The Nicene Creed

Discussion in 'Faith, Devotion & Formation' started by Botolph, Oct 6, 2018.

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  1. Botolph

    Botolph Well-Known Member

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    The history of the Church in understanding the Creed is important. The contributing role of Arianism and the Pneumatomachi cannot be ignored if you want to understand why the words came to be so carefully considered in 381. The original purpose was to ensure that people could understand that the argument that the Nicene Creed is not scriptural and lacks a scriptural base is without merit. I quite like Beveridge on the Creed (https://www.anglican.net/works/william-beveridge-church-catechism-explained-1720/#p4) however I don't know that he was seeking to exegete it, but rather to discuss its meaning for us.

    I don't think that the filioque was a big issue for the reformers in general who attention was focussed on other matters, notably matters of indulgences, the authority of the Church vs the authority of scripture, and the incapacity of man to save himself save for faith in the redeeming work of Christ. Essentially it wasn't the topic of the day. I personally think that to dismiss a position of the filioque as 'may personally feel' is a little disingenuous. I have not sought to argue for or against the filioque, though it is clear that I have a considered position on the subject, I certainly allow room for others to have a considered position which may be different to mine.
     
  2. Tiffy

    Tiffy Active Member

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    These matters are difficult to comprehend even at the best of times, and nobody actually can ever understand the exact way in which the Trinity operates. If they could they would be able to put God in a bottle and usurp His position of being Ineffable.

    The theory of the Trinity is in all probability an attempt to reconcile scripture with scripture. That is what is actually at issue, since none could be so arrogant as to assume they could describe and define God. Even Jesus didn't try to do that using human language.

    As regards the filioque clause, I'm inclined to think it was put into various manuscript copies because the copyists really believed it should be there, but somehow had been missed out inadvertently. It then became standard, because it seemed so right that The Holy Spirit should be intimately involved with both the other Persons of the Trinity, if the Spirit was to be regarded as truly co-eternal and co-equal with both of the other Persons in the Godhead. I'm happy for it to be there, (but who the heck am I to say a thing like that :laugh:). In all these matters we are all 'out of our depth' and 'sailing uncharted waters'. Anything which emphasizes God's utter uniqueness, while also accepting God's utter remoteness and intimate immanence has got to be capable of mind bending ability to embrace paradox, and therefore intellectually must needs fall at the feet of God in awe.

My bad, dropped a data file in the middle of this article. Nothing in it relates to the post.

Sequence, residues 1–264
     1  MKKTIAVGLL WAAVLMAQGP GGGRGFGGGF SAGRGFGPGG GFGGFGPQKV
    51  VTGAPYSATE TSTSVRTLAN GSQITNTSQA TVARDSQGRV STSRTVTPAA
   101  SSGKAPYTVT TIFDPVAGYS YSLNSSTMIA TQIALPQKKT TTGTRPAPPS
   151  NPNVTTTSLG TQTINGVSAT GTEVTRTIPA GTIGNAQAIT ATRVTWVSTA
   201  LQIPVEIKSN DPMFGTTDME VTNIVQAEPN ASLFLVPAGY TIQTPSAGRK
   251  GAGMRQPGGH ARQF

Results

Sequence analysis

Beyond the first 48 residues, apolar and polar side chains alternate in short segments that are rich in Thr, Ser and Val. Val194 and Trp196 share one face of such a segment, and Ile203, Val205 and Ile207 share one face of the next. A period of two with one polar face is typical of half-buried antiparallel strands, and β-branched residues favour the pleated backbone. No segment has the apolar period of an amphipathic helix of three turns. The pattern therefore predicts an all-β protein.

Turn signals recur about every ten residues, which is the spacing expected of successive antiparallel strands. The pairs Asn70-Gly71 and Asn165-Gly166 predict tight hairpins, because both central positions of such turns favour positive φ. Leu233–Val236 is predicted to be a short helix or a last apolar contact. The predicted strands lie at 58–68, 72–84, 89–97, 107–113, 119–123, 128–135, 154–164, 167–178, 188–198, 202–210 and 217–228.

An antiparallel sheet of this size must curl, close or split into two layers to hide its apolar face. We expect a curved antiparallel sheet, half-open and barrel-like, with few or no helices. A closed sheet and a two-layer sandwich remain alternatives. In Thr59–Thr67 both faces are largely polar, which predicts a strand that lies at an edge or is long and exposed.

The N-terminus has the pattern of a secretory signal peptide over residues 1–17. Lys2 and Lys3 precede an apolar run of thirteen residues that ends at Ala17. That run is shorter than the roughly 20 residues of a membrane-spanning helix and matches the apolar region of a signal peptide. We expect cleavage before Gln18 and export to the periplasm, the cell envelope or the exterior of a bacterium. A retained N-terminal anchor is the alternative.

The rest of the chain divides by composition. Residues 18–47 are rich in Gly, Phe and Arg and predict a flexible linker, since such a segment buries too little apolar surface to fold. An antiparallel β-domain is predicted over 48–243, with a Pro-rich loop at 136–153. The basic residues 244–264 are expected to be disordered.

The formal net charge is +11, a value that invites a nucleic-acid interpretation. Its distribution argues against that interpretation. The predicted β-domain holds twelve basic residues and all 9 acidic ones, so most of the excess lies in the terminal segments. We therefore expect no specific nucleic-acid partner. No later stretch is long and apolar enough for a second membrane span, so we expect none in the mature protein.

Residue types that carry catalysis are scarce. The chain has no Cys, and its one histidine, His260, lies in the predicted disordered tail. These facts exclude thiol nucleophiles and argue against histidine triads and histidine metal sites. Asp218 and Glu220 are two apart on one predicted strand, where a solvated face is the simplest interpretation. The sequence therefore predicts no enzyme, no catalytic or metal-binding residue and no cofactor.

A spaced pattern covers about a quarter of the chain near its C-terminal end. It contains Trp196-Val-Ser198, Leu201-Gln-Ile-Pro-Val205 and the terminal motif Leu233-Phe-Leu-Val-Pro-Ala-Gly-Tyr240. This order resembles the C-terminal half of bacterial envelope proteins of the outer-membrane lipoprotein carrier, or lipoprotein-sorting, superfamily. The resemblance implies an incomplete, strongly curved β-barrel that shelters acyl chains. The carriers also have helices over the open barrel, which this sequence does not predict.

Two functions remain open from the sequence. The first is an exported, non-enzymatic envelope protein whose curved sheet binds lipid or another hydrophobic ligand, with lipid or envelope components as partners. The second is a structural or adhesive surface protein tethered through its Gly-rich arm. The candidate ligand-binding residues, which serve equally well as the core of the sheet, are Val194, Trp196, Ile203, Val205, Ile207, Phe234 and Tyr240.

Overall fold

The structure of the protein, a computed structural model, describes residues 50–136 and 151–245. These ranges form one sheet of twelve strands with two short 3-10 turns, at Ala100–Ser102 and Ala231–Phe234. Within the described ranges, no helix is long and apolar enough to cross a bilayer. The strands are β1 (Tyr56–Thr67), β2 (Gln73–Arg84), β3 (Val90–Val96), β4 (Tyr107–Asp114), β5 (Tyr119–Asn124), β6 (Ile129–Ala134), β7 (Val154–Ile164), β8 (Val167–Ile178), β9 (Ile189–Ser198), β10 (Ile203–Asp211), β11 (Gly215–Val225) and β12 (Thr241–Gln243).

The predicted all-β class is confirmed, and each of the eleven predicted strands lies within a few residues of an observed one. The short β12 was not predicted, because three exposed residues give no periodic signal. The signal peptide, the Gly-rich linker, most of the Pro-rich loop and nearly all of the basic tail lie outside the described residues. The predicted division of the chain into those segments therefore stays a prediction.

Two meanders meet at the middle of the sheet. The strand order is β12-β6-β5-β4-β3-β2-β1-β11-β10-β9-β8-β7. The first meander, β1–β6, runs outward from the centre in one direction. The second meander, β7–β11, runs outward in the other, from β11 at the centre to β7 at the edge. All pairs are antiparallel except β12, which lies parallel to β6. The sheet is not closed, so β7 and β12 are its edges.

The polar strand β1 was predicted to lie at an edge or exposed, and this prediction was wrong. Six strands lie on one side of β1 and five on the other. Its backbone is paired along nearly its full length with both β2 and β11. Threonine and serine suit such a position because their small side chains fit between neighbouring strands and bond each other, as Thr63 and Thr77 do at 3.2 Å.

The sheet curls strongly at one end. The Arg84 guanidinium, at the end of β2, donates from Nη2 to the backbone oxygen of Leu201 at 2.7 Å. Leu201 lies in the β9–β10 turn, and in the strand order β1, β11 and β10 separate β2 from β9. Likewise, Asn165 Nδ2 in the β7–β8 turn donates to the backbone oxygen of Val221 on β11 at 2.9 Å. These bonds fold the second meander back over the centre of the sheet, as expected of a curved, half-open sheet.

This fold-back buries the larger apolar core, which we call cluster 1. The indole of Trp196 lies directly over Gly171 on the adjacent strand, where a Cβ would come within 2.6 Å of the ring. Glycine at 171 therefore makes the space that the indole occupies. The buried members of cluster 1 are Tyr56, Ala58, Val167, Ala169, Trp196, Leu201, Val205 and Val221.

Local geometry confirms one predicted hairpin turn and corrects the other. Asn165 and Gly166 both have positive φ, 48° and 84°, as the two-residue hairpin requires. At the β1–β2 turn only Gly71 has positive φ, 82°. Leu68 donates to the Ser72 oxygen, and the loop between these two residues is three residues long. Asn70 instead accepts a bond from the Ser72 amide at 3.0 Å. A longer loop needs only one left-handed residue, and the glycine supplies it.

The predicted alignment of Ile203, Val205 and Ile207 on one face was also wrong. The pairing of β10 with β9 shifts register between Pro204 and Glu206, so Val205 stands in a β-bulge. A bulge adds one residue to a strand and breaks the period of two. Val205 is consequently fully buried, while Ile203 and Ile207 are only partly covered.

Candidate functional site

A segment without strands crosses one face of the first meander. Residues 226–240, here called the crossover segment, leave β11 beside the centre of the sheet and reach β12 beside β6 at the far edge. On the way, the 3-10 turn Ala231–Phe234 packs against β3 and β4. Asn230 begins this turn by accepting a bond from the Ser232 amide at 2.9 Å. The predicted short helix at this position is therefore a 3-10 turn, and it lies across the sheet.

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  3. Stalwart

    Stalwart Well-Known Member Anglican

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    That may be so, but it was certainly commented on, in commentaries on the Nicene Creed if nowhere else.

    http://www.academia.edu/3722448/_Ho...r_Theological_Journal_66_Spring_2004_159_77._
    “How Important is the Filioque for Reformed Orthodoxy?” Westminster Theological Journal 66 (Spring 2004): 159 – 77.
     
  4. Botolph

    Botolph Well-Known Member

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    So let me be clear about my position.
    1. I affirm:

      John 14:26 'But the Advocate, the Holy Spirit, whom the Father will send in my name, will teach you everything, and remind you of all that I have said to you.'
      John 15:26 ‘When the Advocate comes, whom I will send to you from the Father, the Spirit of truth who comes from the Father, he will testify on my behalf.'
      John 20:22 'When he had said this, he breathed on them and said to them, ‘Receive the Holy Spirit'.'

    2. I affirm the principle enunciated in the 39 Articles not expound one place of Scripture, that it be repugnant to another. (Article 20)

    3. I accept the Creed of the 1st Council of Constantinople as affirmed by the Five Patriarchs and the two following Great Councils of the Church, and indeed a number of Popes in the following centuries.

    4. I do however question the authority of the Bishop of Rome to change the Creed of the Councils, whilst I fully endorse the understanding that Spirit may proceed from the Father, or From the Father and the Son, but that always the alpha point of all that is is understood in the monarchical integrity of the Father.
     
  5. Tiffy

    Tiffy Active Member

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    It is so gratifying to have one's own insights confirmed by so qualified a source. Thanks for a heavy but very informative read.

    When all is said and done, no matter how essential it may be that we strive to get a proper understanding of God's Awesome Majesty, (encompassing His Absolute Sovereignty, infinite compassion, patience, loving kindness and Wisdom, [personified as female, Prov.1:20-23 ;)], it is MORE ESSENTIAL that we 'receive the Holy Spirit' not merely perceive the role, nature or origin of The Holy Spirit.

    And that is not a matter of intellectual understanding, it is merely a matter of asking in faith.
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